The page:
Fuel for My Jetpack, Mead for My Dragon (06 March, 2012)

Ya know, hang around the fantasy genre long enough, and chances are pretty good that you might come across a dragon.  The reptilian beasties have been either benefiting or terrorizing the human race for hundreds of years and throughout many different cultures.  They have been the subject of myths, movies, and books, the level bosses in video games and the eponymous hero of a children’s song that seems to have been inspired by an illicit substance.

Dragons are and have been so popular, they run the risk of becoming passé after several centuries.  So, if you’ve wanted to employ a dragon or a dragonesque creature into your fantasy epic but wanted to avoid cliché, why not take a trip around the Internet and see what you can substitute your charming, fire-breathing monstrosity with?

Mythical & Fantasy Creatures is a great storehouse of information when it comes to entities of the unreal. One of the first things I noticed was how simple and uncluttered the site design was.  There are categories listed for just about any phylum of creature you’re looking for, from avian to serpentine, large to small (if you’re looking more for division than phylum, plant-like creatures have their own section too).

Click on a category on the left – say, Large Creatures, for instance – and a new page pops up with a helpful definition of what exactly “Large Creatures” is intended to mean.  In this case:

“Large sized mythical creatures are a range of fabulous monsters and fantastical creatures, they are from myths, folklore and legends, or in some cases are based upon exaggerated descriptions of real creatures. Other of these creatures origins are from popular modern fiction.”

On the right side of the page is a list of creatures kept in the site’s library.  Here I saw listings for massive things like titans, chimera, and manticore. Out of curiosity, I clicked “cockatrice”:

“The Cockatrice is a snake like creature, which has a pair of great wings that are seen to come from that of a great eagle or that are leathery wings like a dragons. Characteristics of a Cockatrice are that it has glowing red eyes with black pupils. Cockatrice has a magical gaze that it can petrify an attacker to stone.”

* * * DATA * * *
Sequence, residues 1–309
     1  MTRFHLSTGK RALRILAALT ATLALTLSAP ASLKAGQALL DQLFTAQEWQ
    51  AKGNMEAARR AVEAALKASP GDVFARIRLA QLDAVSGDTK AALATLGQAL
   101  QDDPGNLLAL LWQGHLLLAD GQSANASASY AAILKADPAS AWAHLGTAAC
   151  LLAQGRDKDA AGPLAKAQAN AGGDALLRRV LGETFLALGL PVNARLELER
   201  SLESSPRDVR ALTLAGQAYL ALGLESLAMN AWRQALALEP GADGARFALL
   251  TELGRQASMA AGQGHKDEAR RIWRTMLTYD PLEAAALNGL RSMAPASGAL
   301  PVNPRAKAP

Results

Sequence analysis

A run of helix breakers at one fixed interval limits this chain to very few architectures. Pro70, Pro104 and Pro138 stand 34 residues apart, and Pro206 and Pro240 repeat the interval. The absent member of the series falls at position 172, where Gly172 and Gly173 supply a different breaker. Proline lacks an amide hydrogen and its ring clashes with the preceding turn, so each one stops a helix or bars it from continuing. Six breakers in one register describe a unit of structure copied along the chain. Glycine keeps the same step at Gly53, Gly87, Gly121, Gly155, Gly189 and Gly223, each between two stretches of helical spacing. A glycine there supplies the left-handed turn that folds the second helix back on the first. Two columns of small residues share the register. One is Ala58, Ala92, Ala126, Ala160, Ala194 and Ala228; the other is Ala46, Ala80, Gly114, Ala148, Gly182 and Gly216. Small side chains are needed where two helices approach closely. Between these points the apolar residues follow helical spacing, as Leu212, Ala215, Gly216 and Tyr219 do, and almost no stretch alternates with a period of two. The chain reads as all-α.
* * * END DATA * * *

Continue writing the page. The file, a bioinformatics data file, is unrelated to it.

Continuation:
Dragons?  Please!  All they can do is set stuff on fire!

Ah, well, anyhow, if you ignore my advice and want to find more inspiration for your dragons anyway, not to worry:  Mythical & Fantasy Creatures has a separate section altogether for Dragons and Serpents. What’s more, the site designer wasn’t content to just say “Here. Dragons.”  Instead, the visitor is offered the option of learning about fantasy dragons, culturally significant dragons (such as those found in Chinese traditions), and serpents of both land and sea.

The amount of information on each creature varies.  Some entries are about a paragraph or less long, some – such as the entry on the kraken – contain tons of information, including historical references to the creatures that, once upon a time, were actually thought to be real.  Regardless, what is clearly evident is the amount of love, work, and research that was put into the page.

As if all that weren’t enough, the site also features designations of mythical beasts by culture.  Looking to get ideas from the members of the Egyptian pantheon?  Want to base a hero off of a Norse god but can’t come up with any ideas than Thor?  The site covers Celtic, Mayan, and elemental beasts (fire, water, that kind of thing) in addition to those, and has a whole Greek section off to itself.

Sometimes when coming up with the ultimate monster/friendly creature, a writer often needs help coming up with inspiration.  Turning to the classics – especially the ancient classics, born in less cynical days unspoiled by the scientific method – can provide ideas for the unearthly fauna that will roost in the dreams – and maybe the nightmares – of readers for years.

Fuel for My Jetpack, Mead for My Dragon (02 February, 2012)

Having been a child of 1980’s cinema, I was exposed and became enamored of science-fiction movies with a good dose of action in them.  From the eye-popping SLAM!-BANG! of the early Star Wars saga to the bloody shootouts of Robocop, action sequences were the go-go juice that inspired my imagination whenever I sent my heroes on their perilous quests.  Just as fitting in fantasy as in sci-fi, pulse-pounding action sees us through classic scenes of knights battling dragons and elves battling orcs.

The task of putting an action sequence in your story can be tricky and frustrating.  Not being a visual medium, literary stories don’t have the advantage of simply showing the audience what’s happening; the reader must be told what’s going on.  As a lot of the excitement of action relies on a chain of events happening in quick succession, the risk emerges of losing the reader’s interest through wordy, overworked description.  Conversely, it’s kind of difficult to sell the heart-pounding suspense of “He swung his sword and almost chopped the other guy’s head off.”  The entire sequence can come off as a ‘You had to be there’ moment.

Fortunately, there are those out there who have experienced success in writing action.  I’ve done a little digging around and found some sound advice from around the Internet that may help with chronicling not just a battle, but an awesome battle.